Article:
A warmly candid memoir of navigating family, aging, and death.

A Canadian writer’s debut memoir about how she learned to cope with the houseful of mementos and memories her parents left after their deaths.

As the eldest of four children and the only daughter, Johnson became the main caretaker for her aging parents. She and her siblings watched over a period of 20 years as Alzheimer’s claimed their reserved British father and old age took their feisty American mother. Yet after her mother died, Johnson did not feel the relief she had expected. Instead she found herself “searching for evidence” of her mother and father. The author moved into her parents’ house to sort through their belongings. Almost immediately, she felt the deep emotional toll of her task of separating the “trash from the treasure.” Going through the possessions that had accumulated over combined lifetimes of “more than 180 years,” she realized the “layers of misunderstandings” that existed between herself and, in particular, her mother. Johnson gradually began tracing the trajectory of her parents’ lives. Her free-spirited mother had been a war bride who followed her husband to England, Singapore, and Canada. Growing up, she remembered how her order-loving, traditional father had stifled her mother’s artistic ambitions and possibly fueled the alcoholism for which he would make her feel guilty. Personal letters revealed that their difficult though long-lived union had been riven from the start by separation and opposing temperaments. Johnson learned that her parents’ marriage had ultimately been “a hard-fought achievement” both had consciously chosen. But perhaps even more significantly, she understood that the “intrusive, demanding, and possessive” person she knew as her mother was really a woman who wanted a closeness with her daughter that she had not shared with her own mother. Generous and heartfelt, Johnson’s book offers an intimate look at family and especially mother-daughter connections. It is an uplifting affirmation of human relationships and the cycle of life itself.

A warmly candid memoir of navigating family, aging, and death.

Pub Date: July 19, 2016

ISBN: 978-0-399-18409-3

Page Count: 288

Publisher: Putnam

Review Posted Online: April 29, 2016

Kirkus Reviews Issue: May 15, 2016


The author's youthfulness helps to assure the inevitable comparison with the Anne Frank diary although over and above the...

Elie Wiesel spent his early years in a small Transylvanian town as one of four children. 

He was the only one of the family to survive what Francois Maurois, in his introduction, calls the "human holocaust" of the persecution of the Jews, which began with the restrictions, the singularization of the yellow star, the enclosure within the ghetto, and went on to the mass deportations to the ovens of Auschwitz and Buchenwald. There are unforgettable and horrifying scenes here in this spare and sombre memoir of this experience of the hanging of a child, of his first farewell with his father who leaves him an inheritance of a knife and a spoon, and of his last goodbye at Buchenwald his father's corpse is already cold let alone the long months of survival under unconscionable conditions.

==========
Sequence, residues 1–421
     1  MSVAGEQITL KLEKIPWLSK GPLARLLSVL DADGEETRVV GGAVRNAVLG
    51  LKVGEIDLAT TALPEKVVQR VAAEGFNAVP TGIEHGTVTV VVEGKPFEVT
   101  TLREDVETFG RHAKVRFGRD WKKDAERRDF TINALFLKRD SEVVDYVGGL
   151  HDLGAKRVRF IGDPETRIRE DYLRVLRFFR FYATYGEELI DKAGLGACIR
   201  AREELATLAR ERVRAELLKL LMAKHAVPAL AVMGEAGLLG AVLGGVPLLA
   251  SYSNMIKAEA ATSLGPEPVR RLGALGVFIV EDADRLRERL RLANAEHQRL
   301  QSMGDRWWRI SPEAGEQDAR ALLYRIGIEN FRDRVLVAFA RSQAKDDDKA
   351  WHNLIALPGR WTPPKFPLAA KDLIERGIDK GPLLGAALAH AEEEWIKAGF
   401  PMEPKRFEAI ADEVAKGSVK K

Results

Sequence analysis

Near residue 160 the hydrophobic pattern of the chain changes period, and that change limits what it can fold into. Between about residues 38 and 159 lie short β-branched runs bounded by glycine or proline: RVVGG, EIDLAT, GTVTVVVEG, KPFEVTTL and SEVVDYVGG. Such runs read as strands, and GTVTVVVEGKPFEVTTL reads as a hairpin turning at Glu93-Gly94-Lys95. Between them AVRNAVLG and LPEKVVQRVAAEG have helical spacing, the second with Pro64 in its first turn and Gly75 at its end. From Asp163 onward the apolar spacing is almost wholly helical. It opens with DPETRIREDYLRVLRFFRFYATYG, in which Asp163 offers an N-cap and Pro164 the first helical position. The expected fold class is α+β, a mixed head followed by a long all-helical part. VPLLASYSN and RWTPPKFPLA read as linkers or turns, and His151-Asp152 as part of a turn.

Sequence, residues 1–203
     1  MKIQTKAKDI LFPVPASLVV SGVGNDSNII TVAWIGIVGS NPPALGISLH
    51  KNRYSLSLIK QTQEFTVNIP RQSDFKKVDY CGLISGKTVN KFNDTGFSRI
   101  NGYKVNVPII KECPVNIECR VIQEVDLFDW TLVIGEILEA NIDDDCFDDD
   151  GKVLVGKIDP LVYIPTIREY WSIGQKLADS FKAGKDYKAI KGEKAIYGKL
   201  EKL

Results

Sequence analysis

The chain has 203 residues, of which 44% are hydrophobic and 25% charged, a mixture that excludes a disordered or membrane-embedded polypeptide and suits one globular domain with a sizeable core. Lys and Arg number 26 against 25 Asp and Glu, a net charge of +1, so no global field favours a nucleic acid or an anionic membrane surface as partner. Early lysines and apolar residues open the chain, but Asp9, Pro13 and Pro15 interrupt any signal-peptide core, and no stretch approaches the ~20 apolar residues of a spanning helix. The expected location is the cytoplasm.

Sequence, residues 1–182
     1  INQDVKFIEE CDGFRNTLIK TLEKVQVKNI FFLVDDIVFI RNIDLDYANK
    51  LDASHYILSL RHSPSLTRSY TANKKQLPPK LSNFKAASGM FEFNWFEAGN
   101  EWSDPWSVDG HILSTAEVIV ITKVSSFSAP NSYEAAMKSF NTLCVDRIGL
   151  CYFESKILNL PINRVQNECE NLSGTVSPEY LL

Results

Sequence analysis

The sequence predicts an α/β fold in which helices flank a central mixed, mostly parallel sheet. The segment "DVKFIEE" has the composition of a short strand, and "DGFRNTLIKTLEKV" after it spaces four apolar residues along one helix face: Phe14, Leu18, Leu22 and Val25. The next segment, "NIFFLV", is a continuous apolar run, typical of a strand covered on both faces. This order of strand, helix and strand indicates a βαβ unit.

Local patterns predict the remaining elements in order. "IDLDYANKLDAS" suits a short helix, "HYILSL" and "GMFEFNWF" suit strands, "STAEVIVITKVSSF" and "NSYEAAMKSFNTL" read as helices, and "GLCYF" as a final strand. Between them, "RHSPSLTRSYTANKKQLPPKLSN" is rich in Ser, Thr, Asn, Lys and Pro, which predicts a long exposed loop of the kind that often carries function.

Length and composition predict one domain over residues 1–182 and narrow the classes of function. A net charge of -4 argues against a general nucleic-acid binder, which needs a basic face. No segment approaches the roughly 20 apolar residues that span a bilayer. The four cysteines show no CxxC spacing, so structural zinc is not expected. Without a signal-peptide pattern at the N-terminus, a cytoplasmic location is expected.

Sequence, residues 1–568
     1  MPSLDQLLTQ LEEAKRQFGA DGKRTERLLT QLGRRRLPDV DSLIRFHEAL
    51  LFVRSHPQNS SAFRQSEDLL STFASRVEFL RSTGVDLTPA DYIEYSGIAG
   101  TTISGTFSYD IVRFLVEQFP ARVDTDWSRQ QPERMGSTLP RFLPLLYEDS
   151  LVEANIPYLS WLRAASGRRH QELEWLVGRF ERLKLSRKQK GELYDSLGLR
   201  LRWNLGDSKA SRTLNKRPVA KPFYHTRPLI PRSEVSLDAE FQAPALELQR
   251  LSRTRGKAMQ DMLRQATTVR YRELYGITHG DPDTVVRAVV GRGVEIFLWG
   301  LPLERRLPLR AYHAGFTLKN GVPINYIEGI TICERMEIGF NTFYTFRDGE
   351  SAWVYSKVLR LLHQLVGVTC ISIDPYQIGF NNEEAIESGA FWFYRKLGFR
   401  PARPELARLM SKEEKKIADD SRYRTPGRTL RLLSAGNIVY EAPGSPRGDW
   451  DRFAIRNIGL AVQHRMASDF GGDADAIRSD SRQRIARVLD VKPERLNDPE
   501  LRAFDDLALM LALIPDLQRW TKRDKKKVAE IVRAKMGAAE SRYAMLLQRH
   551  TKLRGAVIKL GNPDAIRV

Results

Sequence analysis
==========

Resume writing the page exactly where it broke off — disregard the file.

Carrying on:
The author's youthfulness helps to assure the inevitable comparison with the Anne Frank diary although over and above the sphere of suffering shared, and in this case extended to the death march itself, there is no spiritual or emotional legacy here to offset any reader reluctance.

Pub Date: Jan. 16, 2006

ISBN: 0374500010

Page Count: 120

Publisher: Hill & Wang

Review Posted Online: Oct. 7, 2011

Kirkus Reviews Issue: Jan. 15, 2006



Well-told and admonitory.

Young-rags-to-mature-riches memoir by broker and motivational speaker Gardner.

Born and raised in the Milwaukee ghetto, the author pulled himself up from considerable disadvantage. He was fatherless, and his adored mother wasn’t always around; once, as a child, he spied her at a family funeral accompanied by a prison guard. When beautiful, evanescent Moms was there, Chris also had to deal with Freddie “I ain’t your goddamn daddy!” Triplett, one of the meanest stepfathers in recent literature. Chris did “the dozens” with the homies, boosted a bit and in the course of youthful adventure was raped. His heroes were Miles Davis, James Brown and Muhammad Ali. Meanwhile, at the behest of Moms, he developed a fondness for reading. He joined the Navy and became a medic (preparing badass Marines for proctology), and a proficient lab technician. Moving up in San Francisco, married and then divorced, he sold medical supplies. He was recruited as a trainee at Dean Witter just around the time he became a homeless single father. All his belongings in a shopping cart, Gardner sometimes slept with his young son at the office (apparently undiscovered by the night cleaning crew). The two also frequently bedded down in a public restroom. After Gardner’s talents were finally appreciated by the firm of Bear Stearns, his American Dream became real. He got the cool duds, hot car and fine ladies so coveted from afar back in the day. He even had a meeting with Nelson Mandela. Through it all, he remained a prideful parent. His own no-daddy blues are gone now.

Well-told and admonitory.

Pub Date: June 1, 2006

ISBN: 0-06-074486-3

Page Count: 320

Publisher: Amistad/HarperCollins

Review Posted Online: May 19, 2010

Kirkus Reviews Issue: March 15, 2006

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